CDC Releases Interesting Vaping Study—and Then Tells People to Ignore It?

In the past, the Centers for Disease Control and Prevention, better known as the CDC, has proven to be one of the biggest critics of vaping. For whatever reason, the CDC and those that work for the organization have absolutely no interest in even acknowledging the fact that e-cigarettes could potentially end up being beneficial to those who are trying to quit smoking.

Late last year, a CDC spokesperson made a series of misleading statements about vaping and the role that e-cigarettes can play in smoking cessation. About a month later, the CDC helped fund an anti-vaping campaign in California that called for people to stop being “sheep” and following along with the vaping crowd. It was an insulting effort on their part.

But vaping is a topic that obviously isn’t going to go away anytime soon, so the CDC has been forced to address it on several occasions since then. And most recently, it did so by including findings about vaping in a CDC study.

According to the results of that study, which was made public in the Preventing Chronic Disease journal, vaping has become the most popular smoking cessation product on the market, even though the CDC refuses to endorse it as a smoking cessation option. The study also found that about half of the people who have tried to quit have turned to vaping at some point in time.

That seems like it would be enough to get the CDC to admit that there might be something to this whole vaping thing, right? Wrong. As you’re about to see, the CDC is sabotaging the results of its own study by wholeheartedly refusing to accept vaping as an acceptable smoking cessation device. Let’s take a closer look at the study and analyze why the CDC continues to be stubborn when it comes to vaping…


How the Latest CDC Study Was Conducted

While conducting its latest study, several CDC researchers, including Office on Smoking and Health director Dr. Tim McAfee, took a look at about 16,000 adult smokers over the course of about two years. The goal of the study was to try and figure out what methods smokers use most often to try and quit smoking.

The study included 10 different quitting methods, including the cold turkey method that involves simply stopping without using any outside assistance, nicotine patches and gums, and more. By conducting this study, the CDC was hoping to figure out where smokers turn most often when they decide that they are going to stop smoking.

What the Study Found

The CDC study found that, in general, most vapers try out several smoking cessation methods when they are trying to quit. But somewhat surprisingly, at least as far as the CDC is concerned, vaping was one of the most popular options available to them.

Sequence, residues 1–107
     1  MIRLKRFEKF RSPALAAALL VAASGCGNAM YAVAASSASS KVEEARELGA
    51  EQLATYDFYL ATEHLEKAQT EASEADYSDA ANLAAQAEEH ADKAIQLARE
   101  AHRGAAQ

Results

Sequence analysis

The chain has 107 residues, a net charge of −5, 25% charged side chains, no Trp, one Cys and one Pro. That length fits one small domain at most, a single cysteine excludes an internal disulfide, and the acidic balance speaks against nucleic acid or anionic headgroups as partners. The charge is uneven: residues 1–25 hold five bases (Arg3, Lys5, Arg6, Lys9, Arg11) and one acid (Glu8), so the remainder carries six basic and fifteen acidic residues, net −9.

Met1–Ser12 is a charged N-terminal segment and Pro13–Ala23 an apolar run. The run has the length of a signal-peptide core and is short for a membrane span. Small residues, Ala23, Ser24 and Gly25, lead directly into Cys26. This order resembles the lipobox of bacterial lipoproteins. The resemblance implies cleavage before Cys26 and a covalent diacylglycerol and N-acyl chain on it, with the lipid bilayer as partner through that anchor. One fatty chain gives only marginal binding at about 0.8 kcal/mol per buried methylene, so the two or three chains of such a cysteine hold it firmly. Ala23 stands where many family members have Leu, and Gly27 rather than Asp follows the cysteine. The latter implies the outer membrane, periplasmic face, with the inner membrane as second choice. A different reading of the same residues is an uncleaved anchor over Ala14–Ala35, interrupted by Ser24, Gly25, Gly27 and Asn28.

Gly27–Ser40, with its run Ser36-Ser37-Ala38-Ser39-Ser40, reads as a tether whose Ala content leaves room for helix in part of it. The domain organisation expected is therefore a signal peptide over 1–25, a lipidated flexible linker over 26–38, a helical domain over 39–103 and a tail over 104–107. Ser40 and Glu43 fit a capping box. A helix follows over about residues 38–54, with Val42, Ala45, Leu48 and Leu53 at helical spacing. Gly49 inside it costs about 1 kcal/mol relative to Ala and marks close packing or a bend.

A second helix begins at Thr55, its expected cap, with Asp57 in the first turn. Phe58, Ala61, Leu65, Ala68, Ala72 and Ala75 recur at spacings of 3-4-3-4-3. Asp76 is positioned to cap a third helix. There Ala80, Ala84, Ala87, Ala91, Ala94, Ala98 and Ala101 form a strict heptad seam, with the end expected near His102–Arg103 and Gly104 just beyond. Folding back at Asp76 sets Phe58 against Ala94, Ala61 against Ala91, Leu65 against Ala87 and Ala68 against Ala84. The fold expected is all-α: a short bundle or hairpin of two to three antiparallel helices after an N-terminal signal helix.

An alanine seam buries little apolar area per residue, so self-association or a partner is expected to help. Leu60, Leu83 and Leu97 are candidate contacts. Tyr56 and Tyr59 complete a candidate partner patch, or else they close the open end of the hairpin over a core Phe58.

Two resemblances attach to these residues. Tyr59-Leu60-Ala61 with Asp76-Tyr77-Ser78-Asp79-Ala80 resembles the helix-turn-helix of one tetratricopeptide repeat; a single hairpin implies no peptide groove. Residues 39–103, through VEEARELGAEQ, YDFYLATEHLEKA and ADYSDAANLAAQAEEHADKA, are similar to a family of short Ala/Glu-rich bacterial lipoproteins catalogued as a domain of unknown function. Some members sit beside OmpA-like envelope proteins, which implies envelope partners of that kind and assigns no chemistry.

In fact, vaping products were apparently the most popular smoking cessation products out there, above other options like patches and gums, even though the CDC doesn’t technically recognize them as smoking cessation devices. The only methods that topped vaping were quitting cold turkey and reducing the total number of cigarettes smoked every day.

Overall, the study also provided evidence that showed that about half of all smokers turned to vaping at some point when trying to quit, which was approximately twice as many as those who turned to nicotine replacement therapies. Patches and gums fall into that category, and while they are approved by the FDA, they don’t seem to have the same pull as vaping does.

Why the CDC Still Isn’t Buying Into Vaping

All of the evidence in the CDC study would probably lead you to believe that the CDC would be 100 percent onboard with at least thinking about recommending vaping to smokers. But that couldn’t be further from the truth.

At the end of the CDC study, the researchers behind it went out of their way to say that they still wouldn’t tell people to vape when trying to quit smoking. They noted that there is “no conclusive scientific evidence that e-cigarettes are effective for long-term cessation.” They also made sure to point out that e-cigarettes are “not approved by the FDA as a smoking cessation aid.” And they called for further research into the effectiveness of vaping as a smoking cessation tool.

That part is at least a little bit encouraging. But if the CDC wasn’t going to say anything nice about vaping at the end of this study, why did they even bother sharing their findings? Their study seems to suggest that more and more people are finding vaping to be useful in their lives, but the CDC still refuses to give it any credit.

Seriously, CDC?

If nothing else, this study has shown us that the CDC is willing to concede that vaping has become more popular than ever in recent years. While the CDC and FDA probably aren’t going to endorse it anytime soon, the study proves that people have turned to vaping more often than not for help with smoking cessation.

This illustrates the real need for additional research into vaping. And the CDC and other organizations need to do more than just seek to shoot down the effectiveness of it. They need to open up their minds just a little and admit that vaping might not be as bad as they’ve led people to believe in the past.

It’s officially time for the CDC to get with the program and join the millions of Americans who have seen the light when it comes to vaping. We don’t necessarily expect them to do a complete 180 and change their opinions on vaping overnight. But how can they release a study like this one and then tell people to just ignore its results? It seems counterintuitive and like they just wasted their time.

Do you think the CDC is going to come around to the idea of recommending vaping, or will its ties to the FDA and the pharmaceutical companies that produce NRT products prevent it from becoming pro-vaping in the future?

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